There are losses, and there are losses.
To say Ireland's tournament didn't exactly get off to the kind of start the team had envisioned would be an understatement of the most epic proportions. The Irish didn't just lose to Croatia last Sunday, they were embarrassed, and to make matters worse, it was the one game that Giovanni Trapattoni's team really had to win if it is going to have any kind of realistic chance to make the quarter-finals.
Now it is faced with the David vs. Goliath task of upending defending world and European champion Spain to force its way back into the reckoning. Unlikely? Not according to World Cup-winning Spain coach Vicente Del Bosque.
"I am worried about every aspect of our opponents," he said in the buildup to Thursday's contest. "Ireland have more than just one threat. They have tall, strong players and are dangerous on the wings. Their attackers also offer a lot. We are going to have difficulties in this game as in any other but we hope to be able to combat those difficulties."
Del Bosque has all manner of ways to do that, with arguably the greatest collection of talent in the tournament, especially in midfield. The Spaniard surprised many in the opening game against Italy when his side took the field without a recognized striker, and though the tactical switch didn't pay off with a full three points, it did show the options available to him, and it was met with some praise in the Spanish press.
"Playing without a frontman is neither sacrilegious nor unusual," wrote El Pais Thursday. "Classical teams like River Plate in the 1940s, Hungary in the '50s, Real Madrid in the '60s, Brazil and the Netherlands in the '70s and Barcelona nowadays have all done the same. The current Spain side – along with all of those mentioned before – are as ingenious as they are efficient."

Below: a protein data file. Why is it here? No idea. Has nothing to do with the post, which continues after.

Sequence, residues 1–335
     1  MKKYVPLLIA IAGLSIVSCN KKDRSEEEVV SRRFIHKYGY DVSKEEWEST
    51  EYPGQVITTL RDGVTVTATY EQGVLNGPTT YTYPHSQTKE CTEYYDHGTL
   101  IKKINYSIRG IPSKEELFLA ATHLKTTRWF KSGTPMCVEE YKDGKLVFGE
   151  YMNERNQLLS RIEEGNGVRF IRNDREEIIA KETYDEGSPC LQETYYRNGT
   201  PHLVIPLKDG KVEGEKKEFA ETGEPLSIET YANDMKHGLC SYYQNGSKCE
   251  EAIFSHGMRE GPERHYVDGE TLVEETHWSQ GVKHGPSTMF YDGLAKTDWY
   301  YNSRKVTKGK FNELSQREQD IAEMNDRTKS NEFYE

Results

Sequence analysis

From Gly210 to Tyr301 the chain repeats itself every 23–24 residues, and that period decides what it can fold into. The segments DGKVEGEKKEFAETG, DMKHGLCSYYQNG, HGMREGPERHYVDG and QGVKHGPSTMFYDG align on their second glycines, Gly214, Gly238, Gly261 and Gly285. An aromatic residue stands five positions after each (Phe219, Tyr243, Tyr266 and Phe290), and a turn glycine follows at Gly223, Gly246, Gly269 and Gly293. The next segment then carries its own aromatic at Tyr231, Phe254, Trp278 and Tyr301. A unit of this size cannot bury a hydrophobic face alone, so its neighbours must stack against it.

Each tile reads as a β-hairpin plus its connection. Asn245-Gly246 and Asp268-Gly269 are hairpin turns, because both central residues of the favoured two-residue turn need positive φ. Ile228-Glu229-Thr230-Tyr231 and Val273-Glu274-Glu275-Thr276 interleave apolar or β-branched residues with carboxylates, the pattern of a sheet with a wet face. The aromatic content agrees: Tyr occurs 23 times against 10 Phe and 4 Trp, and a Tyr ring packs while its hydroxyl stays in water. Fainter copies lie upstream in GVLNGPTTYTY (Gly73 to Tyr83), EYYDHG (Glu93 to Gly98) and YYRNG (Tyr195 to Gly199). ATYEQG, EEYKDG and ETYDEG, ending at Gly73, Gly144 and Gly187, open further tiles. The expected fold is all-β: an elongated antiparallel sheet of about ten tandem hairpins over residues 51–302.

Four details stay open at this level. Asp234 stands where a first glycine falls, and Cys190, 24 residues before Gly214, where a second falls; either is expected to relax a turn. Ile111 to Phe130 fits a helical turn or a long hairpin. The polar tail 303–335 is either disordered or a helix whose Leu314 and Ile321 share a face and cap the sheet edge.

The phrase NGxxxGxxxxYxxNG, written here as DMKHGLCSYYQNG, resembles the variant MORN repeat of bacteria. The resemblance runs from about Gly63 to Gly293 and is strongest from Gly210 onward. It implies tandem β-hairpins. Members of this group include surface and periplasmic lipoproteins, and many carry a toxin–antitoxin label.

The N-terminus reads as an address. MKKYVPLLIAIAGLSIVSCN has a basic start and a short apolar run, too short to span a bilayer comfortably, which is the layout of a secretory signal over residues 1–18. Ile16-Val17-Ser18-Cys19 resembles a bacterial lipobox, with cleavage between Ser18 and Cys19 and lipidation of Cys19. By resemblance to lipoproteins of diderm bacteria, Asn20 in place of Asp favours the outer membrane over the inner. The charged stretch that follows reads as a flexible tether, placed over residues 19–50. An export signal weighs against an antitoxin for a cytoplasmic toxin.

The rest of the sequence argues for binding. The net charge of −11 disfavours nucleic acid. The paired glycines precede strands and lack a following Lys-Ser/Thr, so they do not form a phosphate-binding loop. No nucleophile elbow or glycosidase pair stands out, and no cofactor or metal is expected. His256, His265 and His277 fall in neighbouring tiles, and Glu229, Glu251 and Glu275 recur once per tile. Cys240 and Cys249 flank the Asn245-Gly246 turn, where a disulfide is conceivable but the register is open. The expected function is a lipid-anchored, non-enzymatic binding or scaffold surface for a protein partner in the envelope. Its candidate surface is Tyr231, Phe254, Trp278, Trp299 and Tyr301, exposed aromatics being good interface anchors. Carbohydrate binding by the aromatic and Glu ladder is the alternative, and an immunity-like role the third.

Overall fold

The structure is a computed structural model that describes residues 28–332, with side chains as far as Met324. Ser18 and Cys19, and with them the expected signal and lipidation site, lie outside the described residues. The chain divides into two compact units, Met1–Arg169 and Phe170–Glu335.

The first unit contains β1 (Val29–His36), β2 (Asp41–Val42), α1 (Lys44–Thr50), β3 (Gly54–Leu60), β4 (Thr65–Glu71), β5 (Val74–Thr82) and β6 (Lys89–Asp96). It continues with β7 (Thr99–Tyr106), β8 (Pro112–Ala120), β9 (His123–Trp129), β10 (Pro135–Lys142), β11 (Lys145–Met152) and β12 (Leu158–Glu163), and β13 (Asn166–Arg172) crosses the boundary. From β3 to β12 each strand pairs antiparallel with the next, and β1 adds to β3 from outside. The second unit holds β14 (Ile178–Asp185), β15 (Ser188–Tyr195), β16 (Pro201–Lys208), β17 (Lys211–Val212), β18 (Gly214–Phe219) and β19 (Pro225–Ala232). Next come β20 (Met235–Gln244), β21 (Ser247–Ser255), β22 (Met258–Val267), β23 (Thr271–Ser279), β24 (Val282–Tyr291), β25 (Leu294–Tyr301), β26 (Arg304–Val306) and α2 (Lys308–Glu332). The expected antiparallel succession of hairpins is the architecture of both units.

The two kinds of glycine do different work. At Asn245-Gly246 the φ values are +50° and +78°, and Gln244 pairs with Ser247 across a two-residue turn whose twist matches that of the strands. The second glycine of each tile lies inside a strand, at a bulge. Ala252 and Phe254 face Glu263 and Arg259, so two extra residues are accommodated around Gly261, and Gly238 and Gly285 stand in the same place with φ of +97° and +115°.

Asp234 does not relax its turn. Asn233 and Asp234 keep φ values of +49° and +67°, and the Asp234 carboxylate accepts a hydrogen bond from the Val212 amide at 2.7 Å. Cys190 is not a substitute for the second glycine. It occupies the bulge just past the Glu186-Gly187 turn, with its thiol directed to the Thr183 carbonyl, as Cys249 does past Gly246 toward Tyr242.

It remains to be seen if Del Bosque will try the tactic again, but Ireland cannot afford to worry about what Spain does. Trapattoni's team needs a win in the worst way possible, but though unlikely the Irish like nothing more than pulling off an upset, such as their wins over England at Euro 88 and Italy at World Cup 94.
Former Ireland manager Eoin Hand has no doubt where a victory over the reigning world champions would rank.
"If this team were to win then that would, without doubt, be the most incredible result any Irish team has ever produced and I don't say that lightly," he told UEFA.com. "And that is an incredible motivation for these players."
Spain's player to watch: Sergio Busquets
Of the 672 passes that Spain completed against Italy, nobody made a bigger contribution than the Barcelona midfielder, who completed 115, to join teammate Xavi Hernandez, who had 113, and his former Barca coach Pep Guardiola as the only Spanish player with over 100 completed passes in match. It remains to be seen what he can do for an encore against Ireland.
Ireland's player to watch: Robbie Keane
For a team that desperately needs a result, it may just be the captain's time to deliver. The Los Angeles Galaxy striker has scored a record 53 goals for his country, but grabbing one or two on Thursday against Spain may be the only thing stopping Ireland from being back home this time next week.
Did you know?
After scoring the only goal against Croatia, Sean St. Ledger has now scored in three games for Ireland - none ended in victory.
"There is no threat from Ireland. Ireland cannot win this match. It's like Muhammad Ali fighting a dwarf."
Former Ireland striker Michael Robinson, who now works for Spanish TV as a pundit, talking to Spanish news agency EFE.
Spain 2-0 Ireland